Any advice on a sponge pre-filter for a marineland biowhell 150b. If/when they start breeding I don’t want the little guys sucked into the filter. I haven’t seen any from marine land so I figured an aftermarket or DIY would be in order.
 

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They do dig alot. I think that plants which root in the substrate would not work because of the digging. Maybe after the fish have been in the tank for a while you can find an area where they are not digging and put a plant there. I have Java fern and Anubias in with my Multis but the plants are wedged between rocks and not in the substrate. I have not seen them touch the plants. I also have Pothos ivy in my Penguin 350 HOB. I'm not sure if it is helping because I still need to do weekly water changes to keep my nitrates under 20ppm. I put some unwashed panty hose over the intake of the Penguin 350 to keep sand from getting sucked up. I don't think that Multi fry would get sucked up into your HOB because the fry seem to stay very low close to the sand and shells.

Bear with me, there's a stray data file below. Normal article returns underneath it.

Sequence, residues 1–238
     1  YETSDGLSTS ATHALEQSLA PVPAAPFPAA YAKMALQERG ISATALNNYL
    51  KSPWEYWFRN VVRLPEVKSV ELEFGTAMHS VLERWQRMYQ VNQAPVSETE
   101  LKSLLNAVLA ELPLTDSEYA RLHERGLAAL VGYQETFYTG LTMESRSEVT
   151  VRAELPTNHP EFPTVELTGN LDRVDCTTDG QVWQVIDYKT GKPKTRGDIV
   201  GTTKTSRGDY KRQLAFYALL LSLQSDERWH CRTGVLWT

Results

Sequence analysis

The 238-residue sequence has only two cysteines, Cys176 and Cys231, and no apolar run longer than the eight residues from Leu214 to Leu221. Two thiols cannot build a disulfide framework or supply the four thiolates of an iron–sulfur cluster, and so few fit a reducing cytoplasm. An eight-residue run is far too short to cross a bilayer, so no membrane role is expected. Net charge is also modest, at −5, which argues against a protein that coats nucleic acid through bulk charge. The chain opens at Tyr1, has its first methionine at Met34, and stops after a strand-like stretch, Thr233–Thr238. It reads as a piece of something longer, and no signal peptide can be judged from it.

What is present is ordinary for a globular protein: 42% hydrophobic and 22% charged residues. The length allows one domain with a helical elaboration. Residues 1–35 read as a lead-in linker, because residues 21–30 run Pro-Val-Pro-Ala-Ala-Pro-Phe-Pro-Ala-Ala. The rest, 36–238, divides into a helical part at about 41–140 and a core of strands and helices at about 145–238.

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Discussion Starter · #20 ·
Thanks for the input. I'll wait and maybe try some plants attached to rock down the line. For now I'll stick with the pothos experiment. I figure 5 bucks for a pre sponge filter is worth the peace of mind.

I'll post pics in a week or so when this is up and running.

Thanks